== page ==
The talented Bennett fuels her fiction with secrets—first in her lauded debut, The Mothers (2016), and now in the assured and magnetic story of the Vignes sisters, light-skinned women parked on opposite sides of the color line. Desiree, the “fidgety twin,” and Stella, “a smart, careful girl,” make their break from stultifying rural Mallard, Louisiana, becoming 16-year-old runaways in 1954 New Orleans. The novel opens 14 years later as Desiree, fleeing a violent marriage in D.C., returns home with a different relative: her 8-year-old daughter, Jude. The gossips are agog: “In Mallard, nobody married dark....Marrying a dark man and dragging his blueblack child all over town was one step too far.” Desiree's decision seals Jude’s misery in this “colorstruck” place and propels a new generation of flight: Jude escapes on a track scholarship to UCLA. Tending bar as a side job in Beverly Hills, she catches a glimpse of her mother’s doppelgänger. Stella, ensconced in white society, is shedding her fur coat. Jude, so black that strangers routinely stare, is unrecognizable to her aunt. All this is expertly paced, unfurling before the book is half finished; a reader can guess what is coming. Bennett is deeply engaged in the unknowability of other people and the scourge of colorism. The scene in which Stella adopts her white persona is a tour de force of doubling and confusion. It calls up Toni Morrison’s The Bluest Eye, the book's 50-year-old antecedent. Bennett's novel plays with its characters' nagging feelings of being incomplete—for the twins without each other; for Jude’s boyfriend, Reese, who is trans and seeks surgery; for their friend Barry, who performs in drag as Bianca. Bennett keeps all these plot threads thrumming and her social commentary crisp. In the second half, Jude spars with her cousin Kennedy, Stella's daughter, a spoiled actress.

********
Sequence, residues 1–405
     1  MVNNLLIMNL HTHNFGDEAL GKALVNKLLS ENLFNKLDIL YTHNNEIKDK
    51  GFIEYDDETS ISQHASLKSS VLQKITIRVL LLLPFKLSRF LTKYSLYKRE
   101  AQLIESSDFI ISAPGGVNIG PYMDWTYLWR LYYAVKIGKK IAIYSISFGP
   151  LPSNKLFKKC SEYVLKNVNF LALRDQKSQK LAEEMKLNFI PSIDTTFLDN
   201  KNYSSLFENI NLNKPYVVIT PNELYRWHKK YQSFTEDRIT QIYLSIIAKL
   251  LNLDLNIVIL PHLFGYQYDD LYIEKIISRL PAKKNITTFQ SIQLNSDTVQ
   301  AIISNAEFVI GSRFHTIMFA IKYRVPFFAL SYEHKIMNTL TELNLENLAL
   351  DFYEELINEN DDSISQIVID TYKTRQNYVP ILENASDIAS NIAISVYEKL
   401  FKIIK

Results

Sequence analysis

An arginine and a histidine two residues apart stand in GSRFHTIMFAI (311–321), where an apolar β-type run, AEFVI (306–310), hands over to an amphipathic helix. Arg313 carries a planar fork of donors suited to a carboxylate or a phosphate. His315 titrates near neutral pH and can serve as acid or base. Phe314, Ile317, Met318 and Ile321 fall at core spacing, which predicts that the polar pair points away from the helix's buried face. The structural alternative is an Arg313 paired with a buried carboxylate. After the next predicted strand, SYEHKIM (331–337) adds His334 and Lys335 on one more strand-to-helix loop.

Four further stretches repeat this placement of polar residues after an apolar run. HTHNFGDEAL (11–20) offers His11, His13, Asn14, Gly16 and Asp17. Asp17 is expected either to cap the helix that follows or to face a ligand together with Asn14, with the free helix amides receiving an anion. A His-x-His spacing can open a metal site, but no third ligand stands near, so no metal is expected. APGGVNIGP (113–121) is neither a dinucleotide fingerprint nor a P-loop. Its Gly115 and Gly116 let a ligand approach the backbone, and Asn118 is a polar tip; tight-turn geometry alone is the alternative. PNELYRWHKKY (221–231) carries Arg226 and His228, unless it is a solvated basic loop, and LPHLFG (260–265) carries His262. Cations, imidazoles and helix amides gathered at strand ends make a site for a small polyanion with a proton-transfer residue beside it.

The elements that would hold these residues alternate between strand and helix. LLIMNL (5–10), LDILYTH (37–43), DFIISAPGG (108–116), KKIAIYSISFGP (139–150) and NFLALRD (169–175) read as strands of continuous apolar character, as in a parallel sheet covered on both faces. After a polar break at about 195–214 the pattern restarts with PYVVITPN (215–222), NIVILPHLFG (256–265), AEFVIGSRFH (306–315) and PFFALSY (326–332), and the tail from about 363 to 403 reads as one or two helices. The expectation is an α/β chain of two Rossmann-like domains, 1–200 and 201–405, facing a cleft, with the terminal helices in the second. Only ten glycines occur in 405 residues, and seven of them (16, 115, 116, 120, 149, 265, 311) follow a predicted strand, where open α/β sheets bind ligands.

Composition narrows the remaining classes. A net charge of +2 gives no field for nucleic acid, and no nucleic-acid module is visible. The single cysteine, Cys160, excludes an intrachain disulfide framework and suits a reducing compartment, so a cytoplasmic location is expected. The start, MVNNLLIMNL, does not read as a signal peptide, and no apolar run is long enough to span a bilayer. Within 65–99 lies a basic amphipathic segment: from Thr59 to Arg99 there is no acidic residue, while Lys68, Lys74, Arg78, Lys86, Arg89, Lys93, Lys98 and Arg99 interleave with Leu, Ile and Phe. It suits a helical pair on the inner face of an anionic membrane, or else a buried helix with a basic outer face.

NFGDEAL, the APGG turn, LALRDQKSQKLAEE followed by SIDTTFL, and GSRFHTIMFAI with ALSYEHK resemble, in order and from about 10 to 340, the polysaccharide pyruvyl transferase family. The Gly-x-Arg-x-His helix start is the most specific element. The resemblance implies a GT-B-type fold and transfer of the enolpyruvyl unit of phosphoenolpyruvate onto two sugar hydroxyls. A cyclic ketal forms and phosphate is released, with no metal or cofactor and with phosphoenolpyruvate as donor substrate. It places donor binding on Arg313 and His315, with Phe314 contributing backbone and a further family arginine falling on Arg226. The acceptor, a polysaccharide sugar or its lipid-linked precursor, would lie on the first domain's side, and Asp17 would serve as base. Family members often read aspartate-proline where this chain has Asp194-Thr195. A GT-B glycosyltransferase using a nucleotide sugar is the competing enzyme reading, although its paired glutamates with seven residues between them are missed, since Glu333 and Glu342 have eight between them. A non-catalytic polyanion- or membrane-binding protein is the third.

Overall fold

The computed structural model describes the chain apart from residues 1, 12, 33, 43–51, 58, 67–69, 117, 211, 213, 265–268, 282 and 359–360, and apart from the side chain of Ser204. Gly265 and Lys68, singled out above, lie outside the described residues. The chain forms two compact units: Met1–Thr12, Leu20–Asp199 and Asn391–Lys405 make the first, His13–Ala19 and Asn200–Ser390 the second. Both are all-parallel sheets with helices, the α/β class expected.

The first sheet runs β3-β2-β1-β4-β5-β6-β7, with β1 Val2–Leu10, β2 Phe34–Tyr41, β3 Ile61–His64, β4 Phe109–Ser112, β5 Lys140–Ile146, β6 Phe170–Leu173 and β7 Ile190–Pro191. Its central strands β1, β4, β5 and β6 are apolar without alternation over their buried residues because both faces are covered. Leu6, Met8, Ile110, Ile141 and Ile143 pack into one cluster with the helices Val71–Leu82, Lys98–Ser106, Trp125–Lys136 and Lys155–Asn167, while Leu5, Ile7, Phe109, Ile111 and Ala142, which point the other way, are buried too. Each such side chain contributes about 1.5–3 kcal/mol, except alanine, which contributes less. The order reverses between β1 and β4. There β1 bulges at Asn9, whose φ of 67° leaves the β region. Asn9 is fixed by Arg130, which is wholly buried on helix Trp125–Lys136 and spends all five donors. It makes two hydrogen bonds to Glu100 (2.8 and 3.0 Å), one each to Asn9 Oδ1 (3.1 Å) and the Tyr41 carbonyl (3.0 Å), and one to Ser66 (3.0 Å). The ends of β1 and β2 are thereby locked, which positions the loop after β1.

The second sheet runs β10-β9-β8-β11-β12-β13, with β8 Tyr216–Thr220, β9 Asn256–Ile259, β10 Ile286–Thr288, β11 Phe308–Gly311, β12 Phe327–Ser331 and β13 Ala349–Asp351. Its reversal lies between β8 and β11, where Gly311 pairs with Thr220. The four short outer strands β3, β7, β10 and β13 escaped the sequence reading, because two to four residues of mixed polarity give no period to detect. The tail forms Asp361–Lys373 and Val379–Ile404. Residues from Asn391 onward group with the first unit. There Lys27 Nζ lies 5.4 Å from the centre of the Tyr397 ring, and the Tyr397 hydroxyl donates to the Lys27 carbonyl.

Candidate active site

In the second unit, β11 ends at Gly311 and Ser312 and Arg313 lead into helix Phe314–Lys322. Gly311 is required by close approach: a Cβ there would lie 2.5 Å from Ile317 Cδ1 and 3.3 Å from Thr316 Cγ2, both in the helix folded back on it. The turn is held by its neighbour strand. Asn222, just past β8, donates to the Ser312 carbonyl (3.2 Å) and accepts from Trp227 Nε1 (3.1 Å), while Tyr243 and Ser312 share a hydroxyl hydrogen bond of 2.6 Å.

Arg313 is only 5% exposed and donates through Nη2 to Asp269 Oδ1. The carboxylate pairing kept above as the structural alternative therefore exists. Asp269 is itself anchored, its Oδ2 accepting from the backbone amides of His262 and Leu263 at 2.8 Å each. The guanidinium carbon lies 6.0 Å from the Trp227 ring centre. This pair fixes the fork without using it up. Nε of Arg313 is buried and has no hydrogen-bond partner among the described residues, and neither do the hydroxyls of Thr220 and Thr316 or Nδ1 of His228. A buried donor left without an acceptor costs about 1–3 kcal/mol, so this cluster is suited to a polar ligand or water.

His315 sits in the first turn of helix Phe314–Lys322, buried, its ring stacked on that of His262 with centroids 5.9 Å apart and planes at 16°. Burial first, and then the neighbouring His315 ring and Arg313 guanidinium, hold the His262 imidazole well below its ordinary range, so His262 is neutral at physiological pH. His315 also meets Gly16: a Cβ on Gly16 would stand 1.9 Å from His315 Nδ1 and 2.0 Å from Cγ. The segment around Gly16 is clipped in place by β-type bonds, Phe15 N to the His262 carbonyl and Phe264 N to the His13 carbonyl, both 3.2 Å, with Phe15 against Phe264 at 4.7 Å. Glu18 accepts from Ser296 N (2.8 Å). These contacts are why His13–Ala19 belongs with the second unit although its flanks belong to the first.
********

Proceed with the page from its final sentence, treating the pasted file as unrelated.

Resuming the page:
Kin “[find] each other’s lives inscrutable” in this rich, sharp story about the way identity is formed.

Pub Date: June 2, 2020

ISBN: 978-0-525-53629-1

Page Count: 352

Publisher: Riverhead

Review Posted Online: March 15, 2020

Kirkus Reviews Issue: April 1, 2020

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A strict report, worthy of sympathy.

THE CATCHER IN THE RYE

A violent surfacing of adolescence (which has little in common with Tarkington's earlier, broadly comic, Seventeen) has a compulsive impact.

"Nobody big except me" is the dream world of Holden Caulfield and his first person story is down to the basic, drab English of the pre-collegiate. For Holden is now being bounced from fancy prep, and, after a vicious evening with hall- and roommates, heads for New York to try to keep his latest failure from his parents. He tries to have a wild evening (all he does is pay the check), is terrorized by the hotel elevator man and his on-call whore, has a date with a girl he likes—and hates, sees his 10 year old sister, Phoebe. He also visits a sympathetic English teacher after trying on a drunken session, and when he keeps his date with Phoebe, who turns up with her suitcase to join him on his flight, he heads home to a hospital siege. This is tender and true, and impossible, in its picture of the old hells of young boys, the lonesomeness and tentative attempts to be mature and secure, the awful block between youth and being grown-up, the fright and sickness that humans and their behavior cause the challenging, the dramatization of the big bang. It is a sorry little worm's view of the off-beat of adult pressure, of contemporary strictures and conformity, of sentiment….

A strict report, worthy of sympathy.

Pub Date: June 15, 1951

ISBN: 0316769177

Page Count: -

Publisher: Little, Brown

Review Posted Online: Nov. 2, 2011

Kirkus Reviews Issue: June 15, 1951